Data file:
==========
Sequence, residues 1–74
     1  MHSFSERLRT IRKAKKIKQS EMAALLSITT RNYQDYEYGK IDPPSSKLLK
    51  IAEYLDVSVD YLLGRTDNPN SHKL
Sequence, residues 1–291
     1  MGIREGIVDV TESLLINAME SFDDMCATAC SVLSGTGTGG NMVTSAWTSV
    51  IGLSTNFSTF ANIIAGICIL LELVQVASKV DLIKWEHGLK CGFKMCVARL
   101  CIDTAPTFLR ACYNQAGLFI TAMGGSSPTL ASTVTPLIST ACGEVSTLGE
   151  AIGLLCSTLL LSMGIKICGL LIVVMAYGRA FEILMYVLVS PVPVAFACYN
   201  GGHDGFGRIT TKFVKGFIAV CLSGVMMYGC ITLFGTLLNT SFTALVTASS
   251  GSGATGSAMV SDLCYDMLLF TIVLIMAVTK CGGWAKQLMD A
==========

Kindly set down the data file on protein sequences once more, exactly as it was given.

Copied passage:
Sequence, residues 1–74
     1  MHSFSERLRT IRKAKKIKQS EMAALLSITT RNYQDYEYGK IDPPSSKLLK
    51  IAEYLDVSVD YLLGRTDNPN SHKL
Sequence, residues 1–291
     1  MGIREGIVDV TESLLINAME SFDDMCATAC SVLSGTGTGG NMVTSAWTSV
    51  IGLSTNFSTF ANIIAGICIL LELVQVASKV DLIKWEHGLK CGFKMCVARL
   101  CIDTAPTFLR ACYNQAGLFI TAMGGSSPTL ASTVTPLIST ACGEVSTLGE
   151  AIGLLCSTLL LSMGIKICGL LIVVMAYGRA FEILMYVLVS PVPVAFACYN
   201  GGHDGFGRIT TKFVKGFIAV CLSGVMMYGC ITLFGTLLNT SFTALVTASS
   251  GSGATGSAMV SDLCYDMLLF TIVLIMAVTK CGGWAKQLMD A